October Roundup: Dungeon Synth, Death, Thrash, Doom & Black Metal


Looking at the latest from Seismic, Desaster, Decayed, Déluge, Tyranno, Malfet, Draconian & Wallfahrer.

November 13th | Independent

An instrumental doom trio from Pennsylvania, Seismic dates back to 2014, though they only caught proper wind 4 years later; their eponymous EP is only their debut release. Inspired by the likes of Ufomammut, Pallbearer and Yob their sound embraces the rigid riffing that serves as the foundation of the first, though it lacks the multilayered hypnosis which is their draw. The airy leads briefly showcased in “Haunter of the Dark” could hints at the lattermost without the expansiveness of their songwriting, as Seismic’s songs are born out of group improvisation, rarely giving one room to lead over the others in terms of songwriting, and the songs coil around one or two ideas. The closer “At the Mountains of Madness” opens up with what could be an attempt to replicate the passion doom of Pallbearer, but in a murkier context.

Even when the group speeds up and takes its music towards the realms of stoner metal, an influence the drummer’s fluid groove supports throughout, Seismic prefers to keep their music in the dark and with a hint of menace. None of these are influences that leap out right away though, and if they weren’t mentioned in the promo text, I might not have paid them as much attention, for I would not have gone looking.

Some of you may have noticed Seismic has decided to throw their carcasses atop the real mountain of madness, the seemingly endless pile of bands on board the Lovecraft train. Here, it takes a more disturbing guise than usual. The EP is supposed to have been inspired by grief and personal losses of friends, bandmates and family members, but the group has buried all that personal emotion under a mountain of references that could not render them more faceless if they tried.

Though Seismic’s sound is built around a variety of influences it’s a consistent and coherent one, and gives them the makings of their own, supported by some technical decisions, like burying the second guitar not only in the buzzsaw distortion, but also in the mix, save a few leads and solos. But the distinct differences between the two guitars keep both audible. Unfortunately Seismic just doesn’t stand out in any particular way, and the songs aren’t as memorable as the production choices, so I find it unlikely I’ll return to their EP. Off to better things next time.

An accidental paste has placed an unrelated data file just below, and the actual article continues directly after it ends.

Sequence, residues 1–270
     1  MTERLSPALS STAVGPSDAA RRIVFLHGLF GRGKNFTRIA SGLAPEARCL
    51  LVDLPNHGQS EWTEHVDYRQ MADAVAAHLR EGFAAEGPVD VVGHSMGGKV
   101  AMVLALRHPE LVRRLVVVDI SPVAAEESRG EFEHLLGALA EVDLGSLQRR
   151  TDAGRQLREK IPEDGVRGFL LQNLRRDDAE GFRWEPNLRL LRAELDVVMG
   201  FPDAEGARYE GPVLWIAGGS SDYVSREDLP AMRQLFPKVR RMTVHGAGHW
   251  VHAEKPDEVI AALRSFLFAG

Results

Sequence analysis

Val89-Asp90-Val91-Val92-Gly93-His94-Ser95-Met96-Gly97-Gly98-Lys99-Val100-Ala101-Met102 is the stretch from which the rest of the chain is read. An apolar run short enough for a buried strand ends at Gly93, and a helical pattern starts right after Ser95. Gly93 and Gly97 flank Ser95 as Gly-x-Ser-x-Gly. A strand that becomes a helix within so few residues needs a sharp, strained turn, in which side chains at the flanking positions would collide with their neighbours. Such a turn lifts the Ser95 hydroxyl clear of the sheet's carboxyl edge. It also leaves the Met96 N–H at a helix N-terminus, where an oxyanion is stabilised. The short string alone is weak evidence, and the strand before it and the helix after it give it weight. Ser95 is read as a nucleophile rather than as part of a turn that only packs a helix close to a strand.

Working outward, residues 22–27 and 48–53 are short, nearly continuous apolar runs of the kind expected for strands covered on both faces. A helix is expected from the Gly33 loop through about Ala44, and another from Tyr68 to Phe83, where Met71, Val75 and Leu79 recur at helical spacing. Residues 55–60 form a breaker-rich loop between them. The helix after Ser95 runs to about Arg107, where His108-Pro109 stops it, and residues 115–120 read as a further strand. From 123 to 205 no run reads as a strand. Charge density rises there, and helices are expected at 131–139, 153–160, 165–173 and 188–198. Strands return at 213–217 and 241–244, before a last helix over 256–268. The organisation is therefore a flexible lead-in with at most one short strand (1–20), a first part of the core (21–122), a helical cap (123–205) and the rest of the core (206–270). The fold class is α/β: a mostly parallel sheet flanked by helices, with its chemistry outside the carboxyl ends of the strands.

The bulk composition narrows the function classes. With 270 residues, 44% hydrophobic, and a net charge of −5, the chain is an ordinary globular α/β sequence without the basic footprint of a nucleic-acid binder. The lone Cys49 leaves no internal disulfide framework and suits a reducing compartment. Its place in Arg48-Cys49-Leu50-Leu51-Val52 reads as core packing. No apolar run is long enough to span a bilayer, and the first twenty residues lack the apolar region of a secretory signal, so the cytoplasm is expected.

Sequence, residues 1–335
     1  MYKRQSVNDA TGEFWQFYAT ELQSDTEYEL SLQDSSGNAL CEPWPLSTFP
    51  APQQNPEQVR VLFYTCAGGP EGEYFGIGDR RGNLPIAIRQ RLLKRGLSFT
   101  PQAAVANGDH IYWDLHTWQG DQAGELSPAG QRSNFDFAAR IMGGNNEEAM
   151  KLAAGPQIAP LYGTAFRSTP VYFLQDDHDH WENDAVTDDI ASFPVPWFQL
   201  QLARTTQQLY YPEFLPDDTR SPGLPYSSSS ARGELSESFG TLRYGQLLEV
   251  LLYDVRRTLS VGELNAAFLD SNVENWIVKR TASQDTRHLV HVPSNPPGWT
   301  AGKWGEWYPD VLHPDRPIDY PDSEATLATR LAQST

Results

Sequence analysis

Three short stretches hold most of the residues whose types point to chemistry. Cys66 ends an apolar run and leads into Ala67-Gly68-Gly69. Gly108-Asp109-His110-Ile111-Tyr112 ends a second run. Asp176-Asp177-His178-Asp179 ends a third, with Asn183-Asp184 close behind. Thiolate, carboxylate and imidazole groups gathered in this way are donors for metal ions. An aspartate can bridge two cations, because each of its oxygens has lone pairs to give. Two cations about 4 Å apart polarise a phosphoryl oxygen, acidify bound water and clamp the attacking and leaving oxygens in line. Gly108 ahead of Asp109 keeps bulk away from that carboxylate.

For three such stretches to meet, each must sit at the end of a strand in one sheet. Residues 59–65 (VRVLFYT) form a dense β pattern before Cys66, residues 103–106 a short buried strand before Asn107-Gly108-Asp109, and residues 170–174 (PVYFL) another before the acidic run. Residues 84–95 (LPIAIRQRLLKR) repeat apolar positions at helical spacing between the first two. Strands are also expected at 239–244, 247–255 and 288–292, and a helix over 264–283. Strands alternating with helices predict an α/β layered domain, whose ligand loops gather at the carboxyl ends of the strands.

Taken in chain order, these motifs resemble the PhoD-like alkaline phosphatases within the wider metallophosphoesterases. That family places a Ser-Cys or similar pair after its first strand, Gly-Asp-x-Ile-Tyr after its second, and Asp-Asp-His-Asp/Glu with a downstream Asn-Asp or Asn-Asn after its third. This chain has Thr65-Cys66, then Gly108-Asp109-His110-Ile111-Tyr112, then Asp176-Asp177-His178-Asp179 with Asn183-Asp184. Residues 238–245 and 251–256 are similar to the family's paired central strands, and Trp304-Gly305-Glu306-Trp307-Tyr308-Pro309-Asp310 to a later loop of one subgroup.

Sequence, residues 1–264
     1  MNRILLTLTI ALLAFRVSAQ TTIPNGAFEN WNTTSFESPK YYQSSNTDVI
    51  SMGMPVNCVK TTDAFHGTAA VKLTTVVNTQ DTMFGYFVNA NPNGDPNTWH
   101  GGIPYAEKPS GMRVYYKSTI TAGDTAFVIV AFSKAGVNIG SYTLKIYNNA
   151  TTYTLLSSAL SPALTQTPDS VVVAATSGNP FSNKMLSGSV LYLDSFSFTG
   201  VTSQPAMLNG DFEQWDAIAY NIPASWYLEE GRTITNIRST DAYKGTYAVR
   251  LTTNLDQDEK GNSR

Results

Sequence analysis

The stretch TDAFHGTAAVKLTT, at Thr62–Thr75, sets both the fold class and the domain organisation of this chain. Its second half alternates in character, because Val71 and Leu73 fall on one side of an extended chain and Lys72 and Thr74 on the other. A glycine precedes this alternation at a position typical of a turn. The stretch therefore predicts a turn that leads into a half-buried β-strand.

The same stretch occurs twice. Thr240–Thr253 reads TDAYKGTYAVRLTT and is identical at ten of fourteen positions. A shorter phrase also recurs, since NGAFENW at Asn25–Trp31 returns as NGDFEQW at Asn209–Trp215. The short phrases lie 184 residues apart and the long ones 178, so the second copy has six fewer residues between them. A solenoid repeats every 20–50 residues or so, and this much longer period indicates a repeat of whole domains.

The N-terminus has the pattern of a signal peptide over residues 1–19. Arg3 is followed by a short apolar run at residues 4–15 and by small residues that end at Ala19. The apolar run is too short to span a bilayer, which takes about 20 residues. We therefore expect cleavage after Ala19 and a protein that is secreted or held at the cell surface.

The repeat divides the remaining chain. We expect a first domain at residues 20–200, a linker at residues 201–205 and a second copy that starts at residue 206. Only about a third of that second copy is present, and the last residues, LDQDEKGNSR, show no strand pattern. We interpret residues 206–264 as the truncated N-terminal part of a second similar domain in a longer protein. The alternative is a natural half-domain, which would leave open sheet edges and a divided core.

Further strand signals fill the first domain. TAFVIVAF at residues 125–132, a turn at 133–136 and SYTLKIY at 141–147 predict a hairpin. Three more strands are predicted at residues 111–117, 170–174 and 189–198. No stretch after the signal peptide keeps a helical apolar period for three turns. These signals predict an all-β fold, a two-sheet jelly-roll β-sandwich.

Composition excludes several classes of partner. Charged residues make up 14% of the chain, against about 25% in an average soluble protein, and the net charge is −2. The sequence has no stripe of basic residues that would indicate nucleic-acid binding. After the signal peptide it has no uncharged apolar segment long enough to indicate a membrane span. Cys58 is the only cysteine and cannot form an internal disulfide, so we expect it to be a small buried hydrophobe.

Desaster / Decayed
October 31st| Hellprod Records

I’ve been wanting for a new Desaster for ages now. Sure, it’s only been 4 years since the excellent The Oath of an Iron Ritual dropped, but it feels like much more and besides they cancelled their appearance I was set to see shortly thereafter, and I’ve been pining for another chance ever since. Last year they dropped a pretty good 30-years anniversary 7″ in the form of Black Celebration, which also saw the addition of a new drummer Hont, whom had already played with vocalist Sataniac in the ’90s, and now this split with Decayed, so the years since haven’t been altogether devoid of action, but neither is quite enough to sate my appetite for them, serving as appetizers, not as a meal.

Desaster opens with “Await the Immolation” and from its restrained intro through its tremolo riffs, blasts and slower mid section, is a guaranteed Desaster song. Less on the thrashy side of their sound and more on the melodic, it’s a good song in its own right and sounds like Desaster first and foremost. The muddy production keeps it from reaching its full potential as a hellfire ripper, and Sataniac has been placed on top of the mix despite him sounding a little suffocated. Minor quibbles though, and I’m reminded of just how much I’d like for Infernal to return his focus to Desaster now that Moontower has their debut out of the way.

The Portuguese Decayed I am much less familiar with, only having come across their The Nameless Wraith / Morbid Death split LP with Urn before, although they seem to date back almost as far as Desaster. Their closer, “Ritos de Iniciação” fits well with the Germans’ offering, being a largely mid-tempo, thrashing, black metal song. It’s a less melodic affair, focused more on simple, headbanging riffs and a savage vocal performance from either J.A or Vulturius, both credited for vocals.